What is TES?
Thermal Energy Storage (TES) is an energy management strategy that has been around a long time, is quite simple and can be very cost-effective if your utility’s demand charges are high during a certain portion of the day – usually the afternoon.
Most TES systems involve making ice (or a lot of chilled water) at night and storing all of this “cold mass” in a tank, where it can be applied during the next day’s afternoon, when the building’s cooling requirements are greatest. By using this cold storage during the afternoon, you can reduce or completely avoid using the building’s chillers, which is how you avoid contributing to peak kW load.
This article will introduce TES (the “What and the “Why”). A follow-up article will describe the “How of TES” and show more calculations to determine if TES is cost-effective for your facility, and how large a system you would need. These are “rough” estimates, but can be done in minutes to determine if TES is worth pursuing. .
Why think about TES now?
I am writing about this now because I expect US electric utilities to charge significantly more for demand (kW) as our grids get smarter and the intermittency of renewables becomes a larger factor in the grid cost of electricity. Renewables’ contribution to this trend is significant because solar energy is already less expensive than grid-supplied energy in certain parts of the US, and the economics of solar look better every year. The fact that consumers are using more solar is forcing utilities to re-think their business models. Some utilities are confronting an economic death spiral, because they must adapt to more consumers using solar meaning less revenue to the utility while still having to maintain a large infrastructure of poles and wires to support the electric grid. In several areas of the country, utilities are charging customers new fees such as “infrastructure fees”, whenever a solar system is “grid-tied”. In this configuration, the electric grid basically serves as a backup plan (battery) when the sun isn’t shining.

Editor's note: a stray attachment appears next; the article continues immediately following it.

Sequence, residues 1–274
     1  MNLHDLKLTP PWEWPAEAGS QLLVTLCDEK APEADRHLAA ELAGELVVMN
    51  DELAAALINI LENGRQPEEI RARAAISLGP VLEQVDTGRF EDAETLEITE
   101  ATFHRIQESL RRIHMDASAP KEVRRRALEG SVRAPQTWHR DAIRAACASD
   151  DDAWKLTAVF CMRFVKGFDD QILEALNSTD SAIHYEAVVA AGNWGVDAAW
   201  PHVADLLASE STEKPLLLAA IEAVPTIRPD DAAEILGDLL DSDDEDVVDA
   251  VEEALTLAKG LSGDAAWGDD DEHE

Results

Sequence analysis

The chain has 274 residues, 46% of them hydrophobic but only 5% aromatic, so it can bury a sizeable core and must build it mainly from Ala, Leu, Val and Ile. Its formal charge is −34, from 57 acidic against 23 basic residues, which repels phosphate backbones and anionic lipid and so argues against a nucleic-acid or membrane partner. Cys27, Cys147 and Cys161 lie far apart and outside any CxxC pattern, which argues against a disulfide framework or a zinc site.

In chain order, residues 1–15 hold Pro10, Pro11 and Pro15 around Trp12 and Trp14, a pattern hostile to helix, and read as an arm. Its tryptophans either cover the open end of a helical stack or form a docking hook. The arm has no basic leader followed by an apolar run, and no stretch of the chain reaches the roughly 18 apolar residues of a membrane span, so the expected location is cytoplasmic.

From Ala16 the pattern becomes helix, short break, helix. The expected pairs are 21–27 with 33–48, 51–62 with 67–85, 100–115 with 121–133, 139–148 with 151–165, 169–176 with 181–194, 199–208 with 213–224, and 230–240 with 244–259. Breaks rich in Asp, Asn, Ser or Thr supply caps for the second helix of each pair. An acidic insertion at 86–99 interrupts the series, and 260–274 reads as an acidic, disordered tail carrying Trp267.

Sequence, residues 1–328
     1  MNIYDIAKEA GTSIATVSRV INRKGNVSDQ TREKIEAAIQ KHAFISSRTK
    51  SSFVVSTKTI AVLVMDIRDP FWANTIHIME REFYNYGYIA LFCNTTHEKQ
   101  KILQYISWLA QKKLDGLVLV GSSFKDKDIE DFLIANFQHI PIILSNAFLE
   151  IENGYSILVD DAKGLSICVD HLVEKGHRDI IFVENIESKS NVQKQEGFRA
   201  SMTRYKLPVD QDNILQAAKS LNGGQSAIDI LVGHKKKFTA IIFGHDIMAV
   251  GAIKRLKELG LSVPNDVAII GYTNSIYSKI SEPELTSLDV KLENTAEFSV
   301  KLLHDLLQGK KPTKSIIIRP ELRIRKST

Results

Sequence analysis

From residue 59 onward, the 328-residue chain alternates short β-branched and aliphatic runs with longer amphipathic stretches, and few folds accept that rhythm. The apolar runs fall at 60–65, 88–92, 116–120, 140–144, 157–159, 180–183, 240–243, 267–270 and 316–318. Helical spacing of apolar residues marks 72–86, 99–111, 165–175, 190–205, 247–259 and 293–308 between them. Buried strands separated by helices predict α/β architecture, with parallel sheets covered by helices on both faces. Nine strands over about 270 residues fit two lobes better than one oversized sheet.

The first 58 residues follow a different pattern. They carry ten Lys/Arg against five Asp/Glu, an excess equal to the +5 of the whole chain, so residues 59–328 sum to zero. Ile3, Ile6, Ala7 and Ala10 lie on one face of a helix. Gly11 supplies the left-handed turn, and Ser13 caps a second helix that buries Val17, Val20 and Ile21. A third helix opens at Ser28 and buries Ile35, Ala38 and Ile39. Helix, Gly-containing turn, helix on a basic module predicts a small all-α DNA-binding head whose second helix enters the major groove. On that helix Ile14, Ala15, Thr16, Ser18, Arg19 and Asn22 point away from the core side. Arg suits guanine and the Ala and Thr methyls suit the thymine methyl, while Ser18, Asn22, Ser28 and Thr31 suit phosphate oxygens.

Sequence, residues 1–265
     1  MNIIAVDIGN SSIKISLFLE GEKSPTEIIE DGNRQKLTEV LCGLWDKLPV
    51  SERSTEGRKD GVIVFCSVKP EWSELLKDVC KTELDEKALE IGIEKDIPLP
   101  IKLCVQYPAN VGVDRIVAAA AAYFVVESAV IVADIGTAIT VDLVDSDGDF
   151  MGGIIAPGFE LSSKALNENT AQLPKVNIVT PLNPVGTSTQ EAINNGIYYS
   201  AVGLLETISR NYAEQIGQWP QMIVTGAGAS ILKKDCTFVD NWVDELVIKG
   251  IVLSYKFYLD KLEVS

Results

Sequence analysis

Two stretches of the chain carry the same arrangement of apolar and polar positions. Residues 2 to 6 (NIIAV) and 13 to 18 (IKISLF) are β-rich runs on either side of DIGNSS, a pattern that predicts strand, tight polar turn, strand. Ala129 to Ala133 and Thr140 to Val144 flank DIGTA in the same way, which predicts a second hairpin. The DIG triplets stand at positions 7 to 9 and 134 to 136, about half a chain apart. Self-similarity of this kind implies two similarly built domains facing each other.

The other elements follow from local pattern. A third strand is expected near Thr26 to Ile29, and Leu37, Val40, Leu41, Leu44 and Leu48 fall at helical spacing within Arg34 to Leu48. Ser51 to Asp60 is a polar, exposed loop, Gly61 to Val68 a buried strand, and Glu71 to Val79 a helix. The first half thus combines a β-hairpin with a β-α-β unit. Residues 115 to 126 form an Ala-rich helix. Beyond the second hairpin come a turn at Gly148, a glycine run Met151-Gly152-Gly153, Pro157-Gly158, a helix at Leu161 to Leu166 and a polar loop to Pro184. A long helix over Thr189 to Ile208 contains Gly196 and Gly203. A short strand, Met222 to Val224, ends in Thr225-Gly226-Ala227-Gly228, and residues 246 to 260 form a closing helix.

Because utilities will be charging more for kW partly due to the renewable energy infusion, TES is important to understand as a possible solution to the new pricing mechanisms. Just like actual batteries for solar systems, TES also plays a valuable role in helping consumers and utilities smooth out the load profile by reducing consumption spikes, creating a “win-win” for utilities and consumers.
TES is technically a “demand-side management” (DSM) strategy as it does not usually save energy, but may significantly reduce your electric bill. As a general rule of thumb, it is worthwhile to investigate DSM strategies whenever a facility has demand charges that represent more than 30% of the total electric bill. By simply re-scheduling some of your peak loads, you can significantly reduce your electric bill.
Could TES work for my facility?